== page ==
Copy-number variation of cancer-gene orthologs is sufficient to induce cancer-like symptoms in Saccharomyces cerevisiae
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BMC Biology 2013, 11:24 doi:10.1186/1741-7007-11-24Published: 25 March 2013
Copy-number variation (CNV), rather than complete loss of gene function, is increasingly implicated in human disease. Moreover, gene dosage is recognised as important in tumourigenesis, and there is an increasing realisation that CNVs may not be just symptomatic of the cancerous state but may, in fact, be causative. However, the identification of CNV-related phenotypes for mammalian genes is a slow process, due to the technical difficulty of constructing deletion mutants. Using the genome-wide deletion library for the model eukaryote, Saccharomyces cerevisiae, we have identified genes (termed haploproficient, HP) which, when one copy is deleted from a diploid cell, result in an increased rate of proliferation. Since haploproficiency under nutrient-sufficient conditions is a novel phenotype, we sought here to characterise a subset of the yeast haploproficient genes which seem particularly relevant to human cancers.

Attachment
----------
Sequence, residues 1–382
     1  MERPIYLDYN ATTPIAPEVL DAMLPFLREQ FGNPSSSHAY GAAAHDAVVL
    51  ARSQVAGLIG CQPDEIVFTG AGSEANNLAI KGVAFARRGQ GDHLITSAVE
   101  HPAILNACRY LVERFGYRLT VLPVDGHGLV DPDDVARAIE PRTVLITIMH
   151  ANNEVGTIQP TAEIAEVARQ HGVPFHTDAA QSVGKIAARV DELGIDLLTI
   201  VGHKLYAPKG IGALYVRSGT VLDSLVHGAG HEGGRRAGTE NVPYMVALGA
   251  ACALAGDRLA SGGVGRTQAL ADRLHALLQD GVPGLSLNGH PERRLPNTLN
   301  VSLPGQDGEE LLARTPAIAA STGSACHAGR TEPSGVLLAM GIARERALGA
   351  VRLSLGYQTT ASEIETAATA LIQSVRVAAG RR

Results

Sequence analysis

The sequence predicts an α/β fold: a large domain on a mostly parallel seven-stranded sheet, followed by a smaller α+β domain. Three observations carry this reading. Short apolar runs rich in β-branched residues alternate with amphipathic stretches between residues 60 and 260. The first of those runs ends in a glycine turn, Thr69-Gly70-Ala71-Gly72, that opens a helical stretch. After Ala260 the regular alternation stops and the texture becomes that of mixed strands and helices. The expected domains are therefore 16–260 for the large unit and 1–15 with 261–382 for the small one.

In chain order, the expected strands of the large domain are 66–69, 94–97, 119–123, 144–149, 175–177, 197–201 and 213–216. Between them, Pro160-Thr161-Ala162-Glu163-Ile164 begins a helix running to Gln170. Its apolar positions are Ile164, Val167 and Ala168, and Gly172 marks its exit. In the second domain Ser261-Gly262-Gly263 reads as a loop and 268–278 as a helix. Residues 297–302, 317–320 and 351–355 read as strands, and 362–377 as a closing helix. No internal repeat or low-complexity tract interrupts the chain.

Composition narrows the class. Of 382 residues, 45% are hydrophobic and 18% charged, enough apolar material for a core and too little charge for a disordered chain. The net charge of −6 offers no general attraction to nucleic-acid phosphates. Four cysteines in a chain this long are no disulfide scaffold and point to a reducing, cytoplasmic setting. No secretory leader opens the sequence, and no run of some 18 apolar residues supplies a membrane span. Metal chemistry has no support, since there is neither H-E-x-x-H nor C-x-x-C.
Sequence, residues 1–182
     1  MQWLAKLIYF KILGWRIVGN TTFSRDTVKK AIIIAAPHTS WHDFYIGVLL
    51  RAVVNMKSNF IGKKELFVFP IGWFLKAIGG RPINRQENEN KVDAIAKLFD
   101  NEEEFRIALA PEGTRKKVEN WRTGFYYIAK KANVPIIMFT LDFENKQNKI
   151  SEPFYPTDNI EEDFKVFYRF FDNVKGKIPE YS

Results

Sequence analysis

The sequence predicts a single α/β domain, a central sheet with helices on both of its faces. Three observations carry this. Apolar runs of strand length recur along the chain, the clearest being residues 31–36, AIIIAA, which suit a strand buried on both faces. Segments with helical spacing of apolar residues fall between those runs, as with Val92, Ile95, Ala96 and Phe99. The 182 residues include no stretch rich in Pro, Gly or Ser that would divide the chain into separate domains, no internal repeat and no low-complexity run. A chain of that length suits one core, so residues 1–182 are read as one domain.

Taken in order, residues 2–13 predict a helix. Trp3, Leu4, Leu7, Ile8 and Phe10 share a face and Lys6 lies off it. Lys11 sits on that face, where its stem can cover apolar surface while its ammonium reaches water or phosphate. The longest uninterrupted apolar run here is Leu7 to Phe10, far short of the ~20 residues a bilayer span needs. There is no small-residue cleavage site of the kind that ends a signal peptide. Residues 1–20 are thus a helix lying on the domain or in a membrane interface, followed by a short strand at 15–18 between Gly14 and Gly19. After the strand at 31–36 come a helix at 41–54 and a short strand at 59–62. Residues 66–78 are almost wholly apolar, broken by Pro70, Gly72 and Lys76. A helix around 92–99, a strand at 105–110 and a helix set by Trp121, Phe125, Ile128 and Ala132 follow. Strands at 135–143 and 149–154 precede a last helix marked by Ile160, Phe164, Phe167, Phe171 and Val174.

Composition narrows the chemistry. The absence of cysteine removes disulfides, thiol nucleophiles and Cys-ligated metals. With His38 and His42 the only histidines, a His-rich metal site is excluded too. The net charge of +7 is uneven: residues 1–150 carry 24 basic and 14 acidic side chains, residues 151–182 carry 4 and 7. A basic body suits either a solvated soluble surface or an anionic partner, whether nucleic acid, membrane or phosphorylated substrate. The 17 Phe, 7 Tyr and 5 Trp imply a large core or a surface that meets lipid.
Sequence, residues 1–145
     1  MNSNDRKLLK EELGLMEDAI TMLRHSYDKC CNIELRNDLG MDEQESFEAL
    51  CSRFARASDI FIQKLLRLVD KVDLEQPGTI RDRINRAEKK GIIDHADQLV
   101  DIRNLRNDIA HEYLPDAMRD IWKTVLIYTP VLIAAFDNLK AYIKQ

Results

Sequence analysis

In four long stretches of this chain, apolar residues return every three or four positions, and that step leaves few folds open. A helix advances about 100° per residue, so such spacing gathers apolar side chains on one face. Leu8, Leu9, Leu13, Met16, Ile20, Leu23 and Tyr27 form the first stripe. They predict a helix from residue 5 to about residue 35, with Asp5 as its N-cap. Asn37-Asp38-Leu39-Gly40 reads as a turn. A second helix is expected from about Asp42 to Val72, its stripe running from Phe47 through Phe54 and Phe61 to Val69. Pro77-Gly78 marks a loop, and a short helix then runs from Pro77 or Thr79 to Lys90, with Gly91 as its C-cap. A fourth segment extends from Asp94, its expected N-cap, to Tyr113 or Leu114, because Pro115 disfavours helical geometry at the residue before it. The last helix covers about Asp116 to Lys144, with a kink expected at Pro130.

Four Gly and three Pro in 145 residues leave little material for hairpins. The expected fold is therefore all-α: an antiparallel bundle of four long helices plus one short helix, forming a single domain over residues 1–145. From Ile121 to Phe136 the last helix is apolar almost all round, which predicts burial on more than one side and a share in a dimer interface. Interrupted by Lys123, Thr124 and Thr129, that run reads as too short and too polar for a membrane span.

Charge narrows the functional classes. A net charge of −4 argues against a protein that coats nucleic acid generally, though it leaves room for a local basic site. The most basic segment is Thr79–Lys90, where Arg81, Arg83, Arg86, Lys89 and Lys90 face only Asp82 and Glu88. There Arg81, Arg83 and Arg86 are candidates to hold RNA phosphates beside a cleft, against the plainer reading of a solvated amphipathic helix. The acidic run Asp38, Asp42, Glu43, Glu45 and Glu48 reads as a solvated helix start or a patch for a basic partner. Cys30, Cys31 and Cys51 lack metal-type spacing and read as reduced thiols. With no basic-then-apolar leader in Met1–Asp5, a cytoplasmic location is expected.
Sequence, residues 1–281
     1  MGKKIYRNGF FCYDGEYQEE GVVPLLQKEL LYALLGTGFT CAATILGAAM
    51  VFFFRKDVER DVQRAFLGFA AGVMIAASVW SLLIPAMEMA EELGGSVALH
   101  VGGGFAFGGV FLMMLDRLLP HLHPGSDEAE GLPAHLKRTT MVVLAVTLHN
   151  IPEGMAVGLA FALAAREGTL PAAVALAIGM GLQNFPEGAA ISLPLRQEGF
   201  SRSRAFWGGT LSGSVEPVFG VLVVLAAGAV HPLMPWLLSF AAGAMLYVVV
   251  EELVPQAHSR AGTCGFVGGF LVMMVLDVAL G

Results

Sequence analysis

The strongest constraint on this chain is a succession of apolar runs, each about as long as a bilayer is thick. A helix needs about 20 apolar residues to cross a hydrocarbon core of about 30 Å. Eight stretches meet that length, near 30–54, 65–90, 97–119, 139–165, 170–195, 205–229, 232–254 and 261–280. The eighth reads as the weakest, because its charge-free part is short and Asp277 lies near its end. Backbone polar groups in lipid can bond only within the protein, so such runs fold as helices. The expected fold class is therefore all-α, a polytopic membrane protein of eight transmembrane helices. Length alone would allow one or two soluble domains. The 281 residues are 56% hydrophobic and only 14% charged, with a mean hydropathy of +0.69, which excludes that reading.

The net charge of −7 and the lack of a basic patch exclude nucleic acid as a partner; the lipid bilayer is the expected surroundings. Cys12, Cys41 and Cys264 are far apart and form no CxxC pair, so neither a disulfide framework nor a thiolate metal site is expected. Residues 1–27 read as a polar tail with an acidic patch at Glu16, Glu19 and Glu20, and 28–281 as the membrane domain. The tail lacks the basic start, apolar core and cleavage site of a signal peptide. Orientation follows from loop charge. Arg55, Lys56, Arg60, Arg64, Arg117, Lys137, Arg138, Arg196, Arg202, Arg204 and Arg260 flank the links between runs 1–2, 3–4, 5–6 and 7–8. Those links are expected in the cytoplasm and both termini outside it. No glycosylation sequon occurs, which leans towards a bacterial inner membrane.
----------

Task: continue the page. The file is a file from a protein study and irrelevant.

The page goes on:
We show that, for a subset of HP genes, heterozygous deletion is sufficient to cause aberrant cell cycling and altered rates of apoptosis, phenotypes associated with cancer in mammalian cells. A majority of these yeast genes are the orthologs of mammalian cancer genes, and hence our studies suggest that CNV of these oncogenic orthologs may be sufficient to lead to tumourigenesis in human cells. Moreover, where not already implicated, this cluster of cancer-like phenotypes in this model eukaryote may be predictive of the involvement in cancer of the mammalian orthologs of these yeast HP genes. Using the yeast set as a model, we show that the response to a range of anti-cancer drugs is strongly dependent on gene dosage, such that intermediate concentrations of the drugs can actually increase a mutant’s growth rate.
The exploitation of data on the phenotypic impact of heterozygosis in Saccharomyces cerevisiae has permitted the prediction of CNVs affecting tumourigenesis in humans. Our yeast data also suggest that the identification of CNVs in tumour cells may assist both the selection of anti-cancer drugs and the dosages at which they should be administered if they are to be a beneficial, rather than a deleterious, therapy.